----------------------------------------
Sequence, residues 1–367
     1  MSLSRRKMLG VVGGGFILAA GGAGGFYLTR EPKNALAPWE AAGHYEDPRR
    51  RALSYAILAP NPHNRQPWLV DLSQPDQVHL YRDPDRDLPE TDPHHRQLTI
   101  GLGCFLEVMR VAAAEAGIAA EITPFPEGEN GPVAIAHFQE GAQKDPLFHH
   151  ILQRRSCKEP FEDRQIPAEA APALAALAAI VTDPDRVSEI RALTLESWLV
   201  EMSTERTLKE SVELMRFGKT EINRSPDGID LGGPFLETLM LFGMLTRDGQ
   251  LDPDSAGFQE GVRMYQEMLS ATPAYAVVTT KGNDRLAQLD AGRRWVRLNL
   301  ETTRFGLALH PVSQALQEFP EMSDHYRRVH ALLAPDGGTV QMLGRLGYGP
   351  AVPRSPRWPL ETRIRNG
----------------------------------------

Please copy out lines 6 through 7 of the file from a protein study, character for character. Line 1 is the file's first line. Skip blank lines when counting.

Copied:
   201  EMSTERTLKE SVELMRFGKT EINRSPDGID LGGPFLETLM LFGMLTRDGQ
   251  LDPDSAGFQE GVRMYQEMLS ATPAYAVVTT KGNDRLAQLD AGRRWVRLNL